FAQ THERMOSTATIC MIXING VALVES
Below we have answered frequently asked questions from our customers. If you do not find your answers here please contact your closest wholesaler or ESBE Sales company in your country.
Why is it important to have a thermostatic mixing valve?
You need to reduce the water temperature to prevent scalding.... but at temperatures below 60ºC, there is risk of legionella bacteria growth
- It takes 1,5–2 minutes to achieve a scalding injury in 52°C hot water.
- At 57°C it takes 10 seconds to get scalding injuries.
- 60°C hot water gives scalding injuries of third degree in less than 3 seconds.
What does the numbers 1…6 on the knob stand for?
The 1…6 marking on the knob is an indication of mixing temperature setting steps of the valves temperature range. The temperature step between every setting is approximately 4°C / 5°C.
However, to set the mixing temperature in accurate way we need to secure flow volume above 4l/min for VTA300 series, and above 9l/min for VTA500 series, and measure the temperature in a point of use for more than 60s.
Please see the installation manual for more information.
What thermostatic valve should I use? I have installation size DN25.
The valves should be selected based on the needed water flow, application area and system conditions, not by pipe size.
ESBE has created quick guides to make selection easier, and below you can find two different tables.
First table speaks about the
and the second one about the
in several applications under specific conditions.
For more information please contact customer service.
Which thermostatic mixing valve should I choose for a system with hot water circulation (HWC)?
ESBE has a product for systems with hot water circulation called VTR300, more information is available on the product page.
You can also use VTA320 or VTA520, depending on the flow capacity needed. You should never use a VTA310 in this type of applications.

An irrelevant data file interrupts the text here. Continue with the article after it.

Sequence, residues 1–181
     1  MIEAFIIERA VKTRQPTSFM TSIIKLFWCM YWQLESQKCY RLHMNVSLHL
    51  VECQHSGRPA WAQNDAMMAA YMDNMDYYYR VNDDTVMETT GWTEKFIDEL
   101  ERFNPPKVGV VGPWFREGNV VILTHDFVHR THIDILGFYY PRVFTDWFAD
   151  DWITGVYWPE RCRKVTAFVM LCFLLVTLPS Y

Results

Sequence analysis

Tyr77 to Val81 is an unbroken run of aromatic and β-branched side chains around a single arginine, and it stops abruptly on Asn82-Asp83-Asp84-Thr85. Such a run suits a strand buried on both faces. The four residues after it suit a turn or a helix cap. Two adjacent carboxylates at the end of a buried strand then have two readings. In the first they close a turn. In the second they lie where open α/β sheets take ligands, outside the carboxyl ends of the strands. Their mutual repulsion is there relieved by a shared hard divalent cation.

Thermostatic mixer is very quick logged with lime.
Make sure that the installation is made with a heat trap. Please see article that describe heat traps more in detail.
Can the VTS500 also be assemled into the supply line?
Yes under the conditions according to the product specification.
Can a thermostatic mixing valve also be used as a diverting valve?
The VTD300 is a thermostatic diverting valve developed for these applications. You should not use a VTA300. If you need higher flow capacity the VTA500 series can be used as a diverting valve.
The thermostatic mixing valve VTA / VTS provide inconsistent mixing temperature!
To get the right tap temperature you need:
- A minimum flow volume 4 l/min for all VTA300, and 9 l/min for all VTA500 series.
- A minimum temperature change ∆t of 10°C between the hot water supply and the set mixing temperature.
Please see Datasheet for more information.
What happened if the cold water pressure drops?
The valve will also reduce or close the hot water supply to ensure the set mixing temperature. (VTA310 will not be able to close completely)
What happens if the cold water inlet temperature is higher as the adjusted temperature?
The mixing temperature can never be lower than the cold water inlet temperature. (VTA310 risk for increased temperature)
What is VTF320?
The VTF320 is a 2-way thermostatic flow limitation valve dedicated for potable hot water circulation systems.
What does ‘’flow limitation valve’’ mean?
The VTF320 is a thermostatic valve which limits the flow in a potable hot water circulation system depending on the water temperature. When the potable hot circulation water temperature increases the VTF320 will start to close, which will result in flow reduction. If the temperature exceeds 55°C the valve will close, and flow of PHW-C will stop.
What is the benefit of using the VTF320?
The benefits are system optimization and reduction of energy usage as well cost reduction.
How can VTF320 reduce cost and energy usage and optimize the system?
The optimization of the system is connected to the energy and cost savings. If we have several zones with PHW-C we can, thanks to VTF320, have control over the zones. In practice it means that if one of the zones has reached temperature of PHW-C it will be shut off, while the other ones which have not reached the correct temperature will continue to be heated until they reach a temperature above 55°C. No high temperature water flow means no heat loses, which means no warm water preparation is needed, this is valid for shutting off the zones. By not heating the zones which already reached the target of PHW-C we decrease the energy needed for the circulation pump, heat loses, PHW preparation. This optimization of the system generates savings!
How can I preform thermal disinfection against legionella when it is a thermic valve?
In case of thermal disinfection, the system needs to be flushed and heated above 70°C to the tap. To achieve this the tap needs to be opened. The biggest risk of legionella growth is in “blank” spots where the water is not moving and in tanks where the water is standing still for a longer time and have lower temperatures. In circulation pipes water is moved much more frequently compared to the potable water pipes/tanks, and at the same time the goal is to keep the water on certain temperature level. Legionella growth is low when temperatures of the PHW are kept high and the water is moved. The chart below shows how quickly legionella dies in relation to the temperature and time: